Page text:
During the course of our 15 minute conversation, I heard about her difficulties at work, her exasperation with her daughter’s school and how she wants to move overseas because she’s so over living here.
I was a little taken aback. I’d only asked how her day was going.
I should add that I didn’t think less of her for expressing her frustrations. We all have our bad days.
But this encounter got me thinking about how much time we waste complaining about the little things.
And they do tend to be little things don’t they? Annoying sure, but catastrophic, um no, I don’t think so.
A quick perusal of social media will give you an overview of the top grievances.
Phone companies, traffic, bad service and spammers. Oh and Kanye West. But in his case, it’s totally justified.
In real life we’re not much better. We bitch about our bosses to colleagues at Friday drinks, and often, *hangs head in shame* to our partners when we get home.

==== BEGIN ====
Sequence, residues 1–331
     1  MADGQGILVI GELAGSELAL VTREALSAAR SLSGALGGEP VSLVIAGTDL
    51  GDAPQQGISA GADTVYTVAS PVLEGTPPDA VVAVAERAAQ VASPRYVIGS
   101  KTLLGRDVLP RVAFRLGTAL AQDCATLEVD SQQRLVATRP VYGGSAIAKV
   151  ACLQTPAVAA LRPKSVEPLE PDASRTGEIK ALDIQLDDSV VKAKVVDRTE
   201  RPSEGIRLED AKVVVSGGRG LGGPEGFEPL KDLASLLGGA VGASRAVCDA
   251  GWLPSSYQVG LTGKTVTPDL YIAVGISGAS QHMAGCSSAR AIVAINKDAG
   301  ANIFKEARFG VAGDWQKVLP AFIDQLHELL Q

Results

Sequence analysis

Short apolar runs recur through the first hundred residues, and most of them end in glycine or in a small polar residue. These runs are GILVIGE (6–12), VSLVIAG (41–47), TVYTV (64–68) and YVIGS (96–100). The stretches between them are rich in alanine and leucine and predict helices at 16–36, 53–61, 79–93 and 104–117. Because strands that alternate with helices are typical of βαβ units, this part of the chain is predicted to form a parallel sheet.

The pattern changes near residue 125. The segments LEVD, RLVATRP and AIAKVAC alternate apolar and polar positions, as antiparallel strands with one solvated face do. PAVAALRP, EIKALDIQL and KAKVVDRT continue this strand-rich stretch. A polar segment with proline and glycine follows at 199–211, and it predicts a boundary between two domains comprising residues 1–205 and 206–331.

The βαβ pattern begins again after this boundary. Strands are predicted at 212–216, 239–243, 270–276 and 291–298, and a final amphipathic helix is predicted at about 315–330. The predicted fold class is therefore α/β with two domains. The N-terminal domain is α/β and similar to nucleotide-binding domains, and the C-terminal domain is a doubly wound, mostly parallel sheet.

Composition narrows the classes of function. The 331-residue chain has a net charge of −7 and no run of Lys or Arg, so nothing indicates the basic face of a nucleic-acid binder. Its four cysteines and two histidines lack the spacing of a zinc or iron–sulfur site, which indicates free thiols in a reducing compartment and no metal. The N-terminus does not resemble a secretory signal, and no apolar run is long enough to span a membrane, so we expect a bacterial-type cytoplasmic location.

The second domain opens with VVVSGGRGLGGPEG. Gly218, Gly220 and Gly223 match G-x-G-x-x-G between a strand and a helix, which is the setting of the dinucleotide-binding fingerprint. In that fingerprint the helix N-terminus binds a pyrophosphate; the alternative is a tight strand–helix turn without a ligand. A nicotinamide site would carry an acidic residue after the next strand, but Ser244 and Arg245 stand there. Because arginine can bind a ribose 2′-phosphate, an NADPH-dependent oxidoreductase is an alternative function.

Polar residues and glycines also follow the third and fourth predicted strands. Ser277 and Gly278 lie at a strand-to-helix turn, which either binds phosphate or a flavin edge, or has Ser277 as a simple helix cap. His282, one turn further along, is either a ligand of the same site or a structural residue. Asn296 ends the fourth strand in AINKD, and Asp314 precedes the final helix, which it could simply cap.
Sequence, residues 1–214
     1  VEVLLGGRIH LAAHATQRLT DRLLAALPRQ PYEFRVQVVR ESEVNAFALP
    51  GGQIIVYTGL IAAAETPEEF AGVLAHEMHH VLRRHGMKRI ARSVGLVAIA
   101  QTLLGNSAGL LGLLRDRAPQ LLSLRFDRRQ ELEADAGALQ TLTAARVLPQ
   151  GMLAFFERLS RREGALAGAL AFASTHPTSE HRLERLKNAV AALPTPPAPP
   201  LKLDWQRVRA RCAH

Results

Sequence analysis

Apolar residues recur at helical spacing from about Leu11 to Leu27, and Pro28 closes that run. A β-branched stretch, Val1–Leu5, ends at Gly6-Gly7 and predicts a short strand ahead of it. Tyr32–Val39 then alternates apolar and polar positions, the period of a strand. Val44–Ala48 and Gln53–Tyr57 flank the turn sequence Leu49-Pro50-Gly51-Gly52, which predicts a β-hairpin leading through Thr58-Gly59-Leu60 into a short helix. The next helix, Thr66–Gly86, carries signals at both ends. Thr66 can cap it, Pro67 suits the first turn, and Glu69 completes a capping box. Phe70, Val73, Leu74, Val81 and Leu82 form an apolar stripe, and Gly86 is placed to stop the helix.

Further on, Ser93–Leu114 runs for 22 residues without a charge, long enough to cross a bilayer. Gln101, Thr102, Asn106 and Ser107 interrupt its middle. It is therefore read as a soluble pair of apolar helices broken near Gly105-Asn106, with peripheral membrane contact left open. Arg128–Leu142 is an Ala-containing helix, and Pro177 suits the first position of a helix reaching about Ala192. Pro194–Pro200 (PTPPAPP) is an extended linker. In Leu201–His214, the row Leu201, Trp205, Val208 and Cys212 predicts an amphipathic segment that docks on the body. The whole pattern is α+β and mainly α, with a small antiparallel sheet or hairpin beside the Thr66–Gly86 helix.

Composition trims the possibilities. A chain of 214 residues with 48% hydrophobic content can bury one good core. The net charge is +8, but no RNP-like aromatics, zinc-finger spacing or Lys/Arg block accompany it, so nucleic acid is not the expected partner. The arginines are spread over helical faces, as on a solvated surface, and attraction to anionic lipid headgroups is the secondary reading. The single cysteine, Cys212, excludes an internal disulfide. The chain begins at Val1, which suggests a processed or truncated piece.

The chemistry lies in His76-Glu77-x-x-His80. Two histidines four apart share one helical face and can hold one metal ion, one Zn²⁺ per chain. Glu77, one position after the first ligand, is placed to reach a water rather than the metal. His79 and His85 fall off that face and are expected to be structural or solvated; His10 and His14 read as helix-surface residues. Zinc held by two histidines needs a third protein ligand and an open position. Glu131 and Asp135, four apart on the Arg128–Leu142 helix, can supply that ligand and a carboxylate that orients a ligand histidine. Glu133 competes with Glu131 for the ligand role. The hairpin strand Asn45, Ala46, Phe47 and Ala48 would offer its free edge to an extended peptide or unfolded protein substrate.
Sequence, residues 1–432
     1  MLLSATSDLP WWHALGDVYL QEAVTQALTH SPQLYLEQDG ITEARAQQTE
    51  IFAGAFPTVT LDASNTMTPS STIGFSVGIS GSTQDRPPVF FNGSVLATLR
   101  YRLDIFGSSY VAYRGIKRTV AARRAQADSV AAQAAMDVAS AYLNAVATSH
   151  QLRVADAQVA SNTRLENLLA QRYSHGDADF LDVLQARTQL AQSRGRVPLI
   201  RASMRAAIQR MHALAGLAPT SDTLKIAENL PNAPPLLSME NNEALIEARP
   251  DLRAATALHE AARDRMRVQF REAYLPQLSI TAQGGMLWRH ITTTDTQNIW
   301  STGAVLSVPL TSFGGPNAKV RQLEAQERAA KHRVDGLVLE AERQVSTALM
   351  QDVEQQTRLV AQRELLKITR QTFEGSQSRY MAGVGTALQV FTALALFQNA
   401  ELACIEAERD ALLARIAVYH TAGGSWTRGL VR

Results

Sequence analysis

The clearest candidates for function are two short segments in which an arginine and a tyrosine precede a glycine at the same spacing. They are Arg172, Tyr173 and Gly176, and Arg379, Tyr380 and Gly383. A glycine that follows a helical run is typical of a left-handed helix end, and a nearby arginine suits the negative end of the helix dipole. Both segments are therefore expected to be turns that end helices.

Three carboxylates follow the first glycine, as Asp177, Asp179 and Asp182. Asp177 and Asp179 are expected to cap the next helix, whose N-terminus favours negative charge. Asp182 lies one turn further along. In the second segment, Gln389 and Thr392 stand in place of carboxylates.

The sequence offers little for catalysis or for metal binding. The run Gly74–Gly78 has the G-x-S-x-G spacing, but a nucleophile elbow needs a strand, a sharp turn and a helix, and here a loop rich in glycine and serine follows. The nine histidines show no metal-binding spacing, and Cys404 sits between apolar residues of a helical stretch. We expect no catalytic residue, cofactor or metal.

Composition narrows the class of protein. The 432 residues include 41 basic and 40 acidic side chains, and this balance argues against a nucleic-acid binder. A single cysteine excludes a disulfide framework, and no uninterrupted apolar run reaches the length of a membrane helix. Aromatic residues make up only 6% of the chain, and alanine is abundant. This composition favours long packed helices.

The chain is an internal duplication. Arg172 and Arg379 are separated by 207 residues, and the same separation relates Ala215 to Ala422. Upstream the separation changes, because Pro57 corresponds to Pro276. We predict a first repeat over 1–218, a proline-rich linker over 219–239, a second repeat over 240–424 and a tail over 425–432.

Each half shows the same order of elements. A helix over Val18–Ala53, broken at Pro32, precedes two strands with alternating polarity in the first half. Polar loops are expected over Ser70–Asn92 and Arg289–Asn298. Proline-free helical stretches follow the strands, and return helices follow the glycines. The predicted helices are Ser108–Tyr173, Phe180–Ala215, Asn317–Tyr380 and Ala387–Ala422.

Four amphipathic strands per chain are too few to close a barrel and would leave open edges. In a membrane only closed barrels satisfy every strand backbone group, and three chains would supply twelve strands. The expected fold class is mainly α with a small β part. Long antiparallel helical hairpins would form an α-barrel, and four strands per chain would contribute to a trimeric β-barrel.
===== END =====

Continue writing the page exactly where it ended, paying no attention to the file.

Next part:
The idea of catharsis – that suppressed anger is somehow bad for our health – has become so popular that we accept it as true (thanks Freud). But in fact researchers have found venting only increases the hostility and anger we feel. Not to mention its effect on those who have to listen to all that negativity.
I understand the impulse. It’s only human to want to connect in times of adversity. But can venting ever be good for us?
Maybe when we’re agitating for justice, airing an opinion that needs be heard, or telling a personal story to benefit others. Maybe then.
For what it’s worth, in future when I feel the urge to express an angry thought, I’m going to try taking a deep breath and counting to ten first.
Just on the off chance no one really wants to hear my thoughts on Kim Kardashian’s latest selfie or how long I’ve been on hold with Telstra.
Do you love a good vent? What do you think, is it cathartic or toxic?
Image by etee